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Valentino History Valentino Clemente Ludovico Garavani is the haute couture fashion designer that is known for his beautiful red carpet gowns. Valentino was born on May 11, 1932 in Lombardy, northern Italy. He first became interested in fashion in primary school, in Voghera, Lombardy. It was here that he studied under his aunt Rosa and another local designer. In 1949 with the help of this parents, Teresa de Biaggi, and Mauro Garavani, he moved to Paris to follow his newfound passion at the prestigious École des BeauxArts and the Chambre Syndicale de la Couture Parisienne. At the end of his education in Paris, Valentino began apprenticing at JeDessès. In between assisting with window dressing and greeting clients he would spend time sketching and practicing his craft as much as he could. It was during this time that he developed his signature style and aesthetic. Although his time at JeDessès’s was greatly appreciated, Valentino left after five years because of an incident regarding vacation time that still makes him uneasy today. Right after leaving his apprenticeship, Valentino went to work at his friend Guy Laroche’s “tiny tiny” fashion house. Very soon after, he started his own label with the help of his parents again in Rome of 1959. It was in 1960 that Valentino met Giancarlo Giammetti at a café in Rome. Giammetti was going to school to study architecture, and living with his parents at the time. The day the two met, Giammetti gave Valentino a ride home in his Fiat, and their relationship both professional and personal continued to grow from this day until now. Right after meeting, Giammetti decided that he was going to go into business with Valentino and drop out of architect school. However, soon after the partnership began it failed on account Valentino’s spending habits.

In 1962, Valentino debuted his first collection of couture at the Pitti Palace in Florence for the first time. This was seen as the young designers break through moment. He was praised by members of the press, as well as flooded with custom orders from foreign buyers. By the middle of this decade, Valentino was already receiving awards such as the Niemen Marcus Fashion Award, as well as dressing everyone from Jackie Kennedy, to Elizabeth Taylor. It was in 1969 that Valentino opened his first Ready-toWear stores in Milan and Rome. However it was in the seventies that he spent most of the decade in New York dressing and getting to know the who’s who of the arts. He dressed and mingled with everyone from Andy Warhol, to Vogue’s editor and chief, Diana Vreeland. During much of the eighties, Valentino put most of his creativeness towards developing a children’s line. During this time he also created a young adults line in which he named after his pet Pug, Oliver. In 1983 until 1985, Ford Motor Company offered a Valentino Edition of the Continental Sedan. It was in 1998 that Valentino sold his company to Holding di Partecipazioni Industriali for $300 million. However, in 2002 Holding di Partecipazioni sold the Valentino Company to the Marzotto Company.

Although throughout the

exchanges of both companies, Valentino wasn’t the owner, he did remain the designer. Valentino presented his final ready-to-wear collection during the spring/summer of 2008 at fashion week in Paris. The show brought out many designers as well as models to see the final farewell collection. A year later, a journalist Matt Tyrnaer followed Valentino around for two years prior to putting together a full-length documentary on the designer’s professional and personal life. Today, Valentino lives in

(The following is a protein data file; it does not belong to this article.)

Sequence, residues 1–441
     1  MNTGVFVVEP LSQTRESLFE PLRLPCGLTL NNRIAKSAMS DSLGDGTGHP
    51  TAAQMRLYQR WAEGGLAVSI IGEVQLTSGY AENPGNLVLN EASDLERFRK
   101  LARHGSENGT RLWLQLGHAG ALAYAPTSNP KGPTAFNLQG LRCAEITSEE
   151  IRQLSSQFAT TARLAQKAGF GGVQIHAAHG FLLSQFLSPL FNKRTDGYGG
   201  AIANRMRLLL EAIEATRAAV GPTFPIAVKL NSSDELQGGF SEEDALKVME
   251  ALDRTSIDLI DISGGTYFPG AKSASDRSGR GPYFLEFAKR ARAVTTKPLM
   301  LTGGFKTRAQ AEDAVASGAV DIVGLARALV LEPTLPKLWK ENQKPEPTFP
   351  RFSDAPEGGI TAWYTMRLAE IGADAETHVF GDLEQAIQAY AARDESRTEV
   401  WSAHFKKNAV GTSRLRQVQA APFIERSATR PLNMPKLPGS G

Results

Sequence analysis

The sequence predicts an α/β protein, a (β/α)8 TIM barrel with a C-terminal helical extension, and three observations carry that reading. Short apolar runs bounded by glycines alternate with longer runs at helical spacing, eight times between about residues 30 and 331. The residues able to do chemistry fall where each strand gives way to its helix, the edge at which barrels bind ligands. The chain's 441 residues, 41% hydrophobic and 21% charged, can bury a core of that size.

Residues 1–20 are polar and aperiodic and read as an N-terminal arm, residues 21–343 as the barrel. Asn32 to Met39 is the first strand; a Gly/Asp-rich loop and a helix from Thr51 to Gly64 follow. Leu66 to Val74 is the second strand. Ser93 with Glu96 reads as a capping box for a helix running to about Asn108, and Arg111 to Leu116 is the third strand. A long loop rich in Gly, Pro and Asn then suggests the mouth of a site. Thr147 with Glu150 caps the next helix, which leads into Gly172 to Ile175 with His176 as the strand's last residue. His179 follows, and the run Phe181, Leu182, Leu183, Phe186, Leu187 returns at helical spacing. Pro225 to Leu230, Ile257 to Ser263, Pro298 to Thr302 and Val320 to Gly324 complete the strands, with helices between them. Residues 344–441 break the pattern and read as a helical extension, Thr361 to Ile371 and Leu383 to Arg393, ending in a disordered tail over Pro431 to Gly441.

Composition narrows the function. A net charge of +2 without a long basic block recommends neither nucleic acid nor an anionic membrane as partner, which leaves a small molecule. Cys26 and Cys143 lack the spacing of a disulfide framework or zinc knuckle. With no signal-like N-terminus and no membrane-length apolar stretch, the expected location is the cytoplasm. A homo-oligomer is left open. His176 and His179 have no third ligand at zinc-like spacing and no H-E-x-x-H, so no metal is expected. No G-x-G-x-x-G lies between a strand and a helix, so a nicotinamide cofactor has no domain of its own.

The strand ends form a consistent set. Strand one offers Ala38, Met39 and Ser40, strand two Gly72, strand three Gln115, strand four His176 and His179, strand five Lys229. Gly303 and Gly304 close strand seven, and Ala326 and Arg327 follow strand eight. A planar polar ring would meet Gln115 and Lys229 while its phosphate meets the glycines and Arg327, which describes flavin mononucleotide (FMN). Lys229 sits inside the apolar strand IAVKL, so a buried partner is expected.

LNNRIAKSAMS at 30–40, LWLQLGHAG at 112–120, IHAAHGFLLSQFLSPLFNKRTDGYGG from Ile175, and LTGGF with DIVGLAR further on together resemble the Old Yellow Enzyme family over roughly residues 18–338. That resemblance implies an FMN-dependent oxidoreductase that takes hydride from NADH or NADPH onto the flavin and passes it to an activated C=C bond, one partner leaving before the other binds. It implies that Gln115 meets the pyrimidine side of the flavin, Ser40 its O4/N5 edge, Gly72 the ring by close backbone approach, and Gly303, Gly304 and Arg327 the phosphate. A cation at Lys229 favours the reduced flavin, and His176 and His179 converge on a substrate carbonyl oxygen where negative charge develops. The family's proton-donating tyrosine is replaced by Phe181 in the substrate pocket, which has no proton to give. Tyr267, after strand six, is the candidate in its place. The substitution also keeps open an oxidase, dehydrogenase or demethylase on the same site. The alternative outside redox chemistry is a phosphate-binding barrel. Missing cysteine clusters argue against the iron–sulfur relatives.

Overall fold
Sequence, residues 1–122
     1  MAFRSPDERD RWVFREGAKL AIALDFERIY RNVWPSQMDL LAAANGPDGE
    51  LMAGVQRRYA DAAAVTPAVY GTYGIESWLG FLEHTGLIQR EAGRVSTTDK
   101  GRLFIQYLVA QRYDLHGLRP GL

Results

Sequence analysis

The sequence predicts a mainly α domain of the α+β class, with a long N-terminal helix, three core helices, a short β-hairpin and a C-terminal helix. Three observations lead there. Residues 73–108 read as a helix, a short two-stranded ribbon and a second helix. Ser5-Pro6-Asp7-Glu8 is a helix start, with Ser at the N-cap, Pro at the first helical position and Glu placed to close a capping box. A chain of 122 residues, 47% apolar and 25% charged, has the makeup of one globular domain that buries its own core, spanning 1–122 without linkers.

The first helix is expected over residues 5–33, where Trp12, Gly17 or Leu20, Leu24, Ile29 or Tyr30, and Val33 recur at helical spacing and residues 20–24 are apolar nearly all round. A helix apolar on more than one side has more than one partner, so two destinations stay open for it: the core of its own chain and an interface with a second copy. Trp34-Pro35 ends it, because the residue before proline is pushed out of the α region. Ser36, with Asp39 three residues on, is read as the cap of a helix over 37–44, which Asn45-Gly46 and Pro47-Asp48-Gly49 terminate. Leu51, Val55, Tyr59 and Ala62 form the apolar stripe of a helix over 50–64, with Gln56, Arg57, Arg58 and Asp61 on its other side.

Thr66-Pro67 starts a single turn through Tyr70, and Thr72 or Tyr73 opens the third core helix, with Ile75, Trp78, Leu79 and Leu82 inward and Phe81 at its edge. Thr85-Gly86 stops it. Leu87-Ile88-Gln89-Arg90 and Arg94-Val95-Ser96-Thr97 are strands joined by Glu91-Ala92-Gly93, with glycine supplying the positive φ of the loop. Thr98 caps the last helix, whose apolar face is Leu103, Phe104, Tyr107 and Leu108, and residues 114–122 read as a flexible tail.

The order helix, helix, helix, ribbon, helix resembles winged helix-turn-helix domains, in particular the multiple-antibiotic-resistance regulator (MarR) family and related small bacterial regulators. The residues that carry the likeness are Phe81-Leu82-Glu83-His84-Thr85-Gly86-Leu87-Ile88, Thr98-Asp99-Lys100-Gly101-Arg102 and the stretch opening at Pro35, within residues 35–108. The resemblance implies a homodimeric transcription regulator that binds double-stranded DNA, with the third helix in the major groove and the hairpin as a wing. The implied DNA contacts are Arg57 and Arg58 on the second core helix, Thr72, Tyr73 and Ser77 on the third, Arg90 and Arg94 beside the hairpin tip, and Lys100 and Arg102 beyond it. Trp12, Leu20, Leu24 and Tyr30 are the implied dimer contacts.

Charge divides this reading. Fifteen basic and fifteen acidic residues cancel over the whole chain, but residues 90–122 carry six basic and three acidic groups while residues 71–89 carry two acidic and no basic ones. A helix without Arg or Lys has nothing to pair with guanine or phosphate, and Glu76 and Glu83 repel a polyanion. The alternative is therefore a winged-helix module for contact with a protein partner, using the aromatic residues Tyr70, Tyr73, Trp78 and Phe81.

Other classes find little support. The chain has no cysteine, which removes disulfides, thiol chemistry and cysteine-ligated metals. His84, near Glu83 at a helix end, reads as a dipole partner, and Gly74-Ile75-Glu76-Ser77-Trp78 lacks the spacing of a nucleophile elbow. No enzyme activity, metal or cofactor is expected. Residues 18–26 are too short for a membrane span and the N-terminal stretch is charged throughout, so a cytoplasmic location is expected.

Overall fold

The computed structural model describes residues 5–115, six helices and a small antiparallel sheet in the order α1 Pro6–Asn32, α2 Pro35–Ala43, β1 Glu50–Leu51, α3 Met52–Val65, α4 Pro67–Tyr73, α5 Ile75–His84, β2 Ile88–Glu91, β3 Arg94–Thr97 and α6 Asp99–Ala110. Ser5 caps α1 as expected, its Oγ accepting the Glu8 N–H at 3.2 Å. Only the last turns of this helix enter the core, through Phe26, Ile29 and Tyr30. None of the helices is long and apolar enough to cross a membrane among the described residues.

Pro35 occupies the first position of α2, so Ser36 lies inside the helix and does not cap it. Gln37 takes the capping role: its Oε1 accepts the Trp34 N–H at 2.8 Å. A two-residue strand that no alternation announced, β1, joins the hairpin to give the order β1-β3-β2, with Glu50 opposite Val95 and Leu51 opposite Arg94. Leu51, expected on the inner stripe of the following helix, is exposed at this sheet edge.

Rome, where he loves to be around his family and friends. He is often seen traveling the world with his friends, and six pugs. He is the last great couturier of the 20th century, for the others have passed away.

‘Valentino: The Last Emperor’ The Los Angeles Times A documentary convincingly makes the case that designer Valentino's lavish lifestyle is matched only by the talent that has kept him at the top of the fashion industry for 45 years. April 03, 2009|KENNETH TURAN | FILM CRITIC

For "Valentino" also offers entree to the key relationship of the designer's personal and professional life, his half-century partnership with Giancarlo Giammetti, the combination of a creative dreamer with a practical man of business that led to the fashion firm's unprecedented success. Matteo Marzotto, whose family took control of the company in 2002, says, "I don't think Valentino would have been the same without Giancarlo. Not even half and not even one-third of it." With cinematographer Tom Hurwitz shadowing the men so closely that the designer periodically loses his patience, we get to see all sides of this intense and complex connection, the spats as well as the intense emotional bond between individuals who estimate they've spent perhaps two months apart in a half a century together. "Valentino," for which 250 hours of footage was shot from June 2005 to July 2007, had the good fortune to be made during a pivotal moment in the designer's career, when changes in the financial end of the world of fashion lead to the possibility of new corporate owners and a threat to Valentino's traditional way of working. In the face of all this, Giammetti decides to mount a drop-dead 45th-anniversary Valentino celebration in Rome, a three-day career retrospective culminating in a party at the Temple of Venus in the Roman Forum. It's a celebration worthy of the Sun King and a fitting way for both the designer and this unexpectedly involving documentary to literally and metaphorically bring it all back home.